“If you can predict what your boss is going to do that means you don’t have to spend as much energy managing that relationship, dealing with their meddling, and justifying your actions.” I think this helps explain why.

  2. Gil Johnson

    Leaders of global organizations—indeed, leaders of all organizations—have focused on increasing predictability for their subordinates and thus for the organization as a whole. Recall Frederick W. Taylor’s turn-of-the-century theory of scientific management, according to which the manager’s job was to set clear standards of performance.

  3. Eric Coda

    As people turned from hunting to farming, then to manufacturing, the link between organizations and the need for predictability became more complex. This is where leadership comes into play.

  4. Doug Smith

    Good article on “The Power of Predictability” in Forbes. This is really about leadership and supports General Satterfield’s argument that leaders make things predictable and productive. My thinking is that leaders are there to get the job done. As someone else noted, they ‘get er done.’
    The Power of Predictability – https://hbr.org/1995/07/the-power-of-predictability

    1. Eddie Ray Anderson,

      According to the author of the article, “the practices that leaders are adopting to make their organizations more competitive are ignoring the human need for predictability.” Wow, this is a good article to make me think about how to be a better leader.

  5. Eva Easterbrook

    This upcoming decade will be bursting with new innovations. The only issue I see is that too many people will be putting their faith in technology rather than in humans. This can have a dark side to it. Just look at how weak and ineffective college students are these days. They are not just immature but fragile.

  6. Greg Heyman

    This article is right on target. I just read about how the country of Australia has developed the first robot train. That’s right, a train that pulls freight. For those who would like to read about it and how the improvements in technology can make our life safer, more predicatable, and productive, please read this article.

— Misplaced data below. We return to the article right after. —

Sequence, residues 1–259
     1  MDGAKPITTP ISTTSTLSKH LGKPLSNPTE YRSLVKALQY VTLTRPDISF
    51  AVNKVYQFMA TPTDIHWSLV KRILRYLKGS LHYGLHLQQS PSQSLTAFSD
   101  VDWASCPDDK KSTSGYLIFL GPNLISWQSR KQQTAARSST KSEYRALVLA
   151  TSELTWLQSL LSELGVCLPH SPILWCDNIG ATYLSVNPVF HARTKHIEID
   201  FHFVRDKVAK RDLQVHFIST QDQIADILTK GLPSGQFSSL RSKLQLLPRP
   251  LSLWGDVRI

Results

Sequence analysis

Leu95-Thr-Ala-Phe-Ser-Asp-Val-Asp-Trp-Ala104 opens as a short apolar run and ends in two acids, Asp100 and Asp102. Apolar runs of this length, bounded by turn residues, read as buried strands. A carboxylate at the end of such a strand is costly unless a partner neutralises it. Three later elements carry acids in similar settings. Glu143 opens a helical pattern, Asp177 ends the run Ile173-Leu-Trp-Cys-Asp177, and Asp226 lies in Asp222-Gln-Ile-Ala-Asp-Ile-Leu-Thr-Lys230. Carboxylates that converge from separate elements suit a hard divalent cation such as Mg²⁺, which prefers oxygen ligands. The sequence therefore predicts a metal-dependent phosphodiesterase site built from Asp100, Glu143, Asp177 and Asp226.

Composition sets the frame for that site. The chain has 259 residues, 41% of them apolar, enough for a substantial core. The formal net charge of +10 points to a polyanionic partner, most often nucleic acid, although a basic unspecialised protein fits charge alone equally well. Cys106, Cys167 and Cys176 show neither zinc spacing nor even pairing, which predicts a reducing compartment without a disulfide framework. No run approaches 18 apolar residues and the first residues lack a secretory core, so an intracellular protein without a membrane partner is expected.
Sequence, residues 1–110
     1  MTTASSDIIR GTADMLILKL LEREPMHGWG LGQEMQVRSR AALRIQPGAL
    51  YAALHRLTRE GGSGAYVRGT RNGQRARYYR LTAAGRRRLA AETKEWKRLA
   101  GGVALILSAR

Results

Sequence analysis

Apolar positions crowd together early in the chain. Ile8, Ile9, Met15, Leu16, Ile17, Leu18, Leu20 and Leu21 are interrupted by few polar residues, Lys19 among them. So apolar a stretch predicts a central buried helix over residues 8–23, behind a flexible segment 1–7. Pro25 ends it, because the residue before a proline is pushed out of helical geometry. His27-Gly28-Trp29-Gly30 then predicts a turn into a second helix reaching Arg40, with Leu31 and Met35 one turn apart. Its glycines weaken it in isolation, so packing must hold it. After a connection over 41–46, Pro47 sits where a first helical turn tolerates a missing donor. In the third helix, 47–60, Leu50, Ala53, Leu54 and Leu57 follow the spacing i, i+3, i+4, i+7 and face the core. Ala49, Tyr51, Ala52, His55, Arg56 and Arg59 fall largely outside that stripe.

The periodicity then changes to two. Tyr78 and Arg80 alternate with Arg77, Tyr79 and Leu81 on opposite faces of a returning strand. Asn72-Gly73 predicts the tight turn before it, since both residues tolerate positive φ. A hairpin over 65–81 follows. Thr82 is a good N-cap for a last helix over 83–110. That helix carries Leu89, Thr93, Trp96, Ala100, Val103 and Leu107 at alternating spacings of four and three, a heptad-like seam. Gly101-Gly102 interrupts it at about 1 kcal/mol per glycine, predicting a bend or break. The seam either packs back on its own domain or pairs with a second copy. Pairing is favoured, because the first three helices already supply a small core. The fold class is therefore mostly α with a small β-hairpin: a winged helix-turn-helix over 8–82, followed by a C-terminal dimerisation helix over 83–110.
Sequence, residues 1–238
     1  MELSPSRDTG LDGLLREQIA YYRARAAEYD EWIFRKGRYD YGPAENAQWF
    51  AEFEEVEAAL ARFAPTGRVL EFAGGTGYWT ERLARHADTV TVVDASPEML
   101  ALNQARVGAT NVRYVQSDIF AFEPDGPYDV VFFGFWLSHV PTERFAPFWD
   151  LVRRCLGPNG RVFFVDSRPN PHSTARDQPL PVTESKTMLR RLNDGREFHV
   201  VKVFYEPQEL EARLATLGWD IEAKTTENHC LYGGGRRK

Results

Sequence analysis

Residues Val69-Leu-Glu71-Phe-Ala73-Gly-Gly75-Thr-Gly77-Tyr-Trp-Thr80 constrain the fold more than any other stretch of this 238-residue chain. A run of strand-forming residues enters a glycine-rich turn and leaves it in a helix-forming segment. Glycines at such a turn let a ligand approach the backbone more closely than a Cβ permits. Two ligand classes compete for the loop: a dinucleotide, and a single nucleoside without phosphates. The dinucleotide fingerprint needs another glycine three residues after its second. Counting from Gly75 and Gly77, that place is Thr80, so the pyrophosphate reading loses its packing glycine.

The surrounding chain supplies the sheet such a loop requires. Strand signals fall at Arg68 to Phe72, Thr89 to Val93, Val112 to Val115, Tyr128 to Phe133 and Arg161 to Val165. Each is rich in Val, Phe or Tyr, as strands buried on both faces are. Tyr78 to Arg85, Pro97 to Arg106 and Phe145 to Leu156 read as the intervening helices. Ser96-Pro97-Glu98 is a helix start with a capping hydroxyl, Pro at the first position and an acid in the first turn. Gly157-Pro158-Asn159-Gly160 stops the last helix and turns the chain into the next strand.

“With new autonomous train, Australia is now home to the world’s largest robot ”

    1. Lady Hawk

      This is also why we call leaders “innovative” in their approach to solutions.

    2. Willie Shrumburger

      Good one. Thanks. Keep these supportive articles coming our way.

  7. Andrew Dooley

    Good article today, Gen. Satterfield. We are still looking foward to reading another article by Sadako Red. You might also want to write about leadership in an organization that pushes the US Constitution. The NRA comes to mind unlike much of the media that is anti US Constitution.

  8. Army Captain

    Thanks for the interesting twist on the way we see leadership.

    1. Army Captain

      This is why my commander always told me that being predicatable to my soldiers would be one of the qualities they most likely would appreciate.

      1. Wesley Brown

        🙂 Thanks for the confirmation of this idea, Army Captain. Thanks also for your service.